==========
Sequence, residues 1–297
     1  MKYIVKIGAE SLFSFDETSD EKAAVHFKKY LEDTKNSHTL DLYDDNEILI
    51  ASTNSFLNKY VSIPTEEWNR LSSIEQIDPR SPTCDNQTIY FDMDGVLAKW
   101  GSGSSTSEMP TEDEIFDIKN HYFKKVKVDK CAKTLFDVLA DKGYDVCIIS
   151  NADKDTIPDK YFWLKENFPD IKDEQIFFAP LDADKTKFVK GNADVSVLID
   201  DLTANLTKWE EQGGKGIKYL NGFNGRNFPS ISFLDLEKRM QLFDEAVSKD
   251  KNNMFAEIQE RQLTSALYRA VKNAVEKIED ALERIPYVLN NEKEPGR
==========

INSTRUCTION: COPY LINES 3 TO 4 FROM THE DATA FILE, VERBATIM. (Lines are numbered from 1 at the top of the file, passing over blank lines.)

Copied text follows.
    51  ASTNSFLNKY VSIPTEEWNR LSSIEQIDPR SPTCDNQTIY FDMDGVLAKW
   101  GSGSSTSEMP TEDEIFDIKN HYFKKVKVDK CAKTLFDVLA DKGYDVCIIS